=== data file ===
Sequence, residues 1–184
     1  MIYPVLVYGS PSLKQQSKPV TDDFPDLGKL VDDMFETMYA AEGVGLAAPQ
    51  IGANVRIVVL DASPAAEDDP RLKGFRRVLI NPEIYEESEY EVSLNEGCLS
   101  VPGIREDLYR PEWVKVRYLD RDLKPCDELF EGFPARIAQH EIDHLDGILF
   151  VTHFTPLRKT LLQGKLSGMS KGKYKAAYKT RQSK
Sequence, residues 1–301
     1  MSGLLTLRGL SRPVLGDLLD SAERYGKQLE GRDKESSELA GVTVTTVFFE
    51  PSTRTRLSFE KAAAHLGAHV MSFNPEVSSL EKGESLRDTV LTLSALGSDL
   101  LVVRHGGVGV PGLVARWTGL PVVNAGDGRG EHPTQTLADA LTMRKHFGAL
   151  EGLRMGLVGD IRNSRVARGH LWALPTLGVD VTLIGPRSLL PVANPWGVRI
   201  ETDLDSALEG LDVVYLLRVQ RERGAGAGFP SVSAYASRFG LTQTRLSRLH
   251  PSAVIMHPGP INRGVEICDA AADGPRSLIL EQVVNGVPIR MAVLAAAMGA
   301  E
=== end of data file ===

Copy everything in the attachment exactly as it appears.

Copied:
Sequence, residues 1–184
     1  MIYPVLVYGS PSLKQQSKPV TDDFPDLGKL VDDMFETMYA AEGVGLAAPQ
    51  IGANVRIVVL DASPAAEDDP RLKGFRRVLI NPEIYEESEY EVSLNEGCLS
   101  VPGIREDLYR PEWVKVRYLD RDLKPCDELF EGFPARIAQH EIDHLDGILF
   151  VTHFTPLRKT LLQGKLSGMS KGKYKAAYKT RQSK
Sequence, residues 1–301
     1  MSGLLTLRGL SRPVLGDLLD SAERYGKQLE GRDKESSELA GVTVTTVFFE
    51  PSTRTRLSFE KAAAHLGAHV MSFNPEVSSL EKGESLRDTV LTLSALGSDL
   101  LVVRHGGVGV PGLVARWTGL PVVNAGDGRG EHPTQTLADA LTMRKHFGAL
   151  EGLRMGLVGD IRNSRVARGH LWALPTLGVD VTLIGPRSLL PVANPWGVRI
   201  ETDLDSALEG LDVVYLLRVQ RERGAGAGFP SVSAYASRFG LTQTRLSRLH
   251  PSAVIMHPGP INRGVEICDA AADGPRSLIL EQVVNGVPIR MAVLAAAMGA
   301  E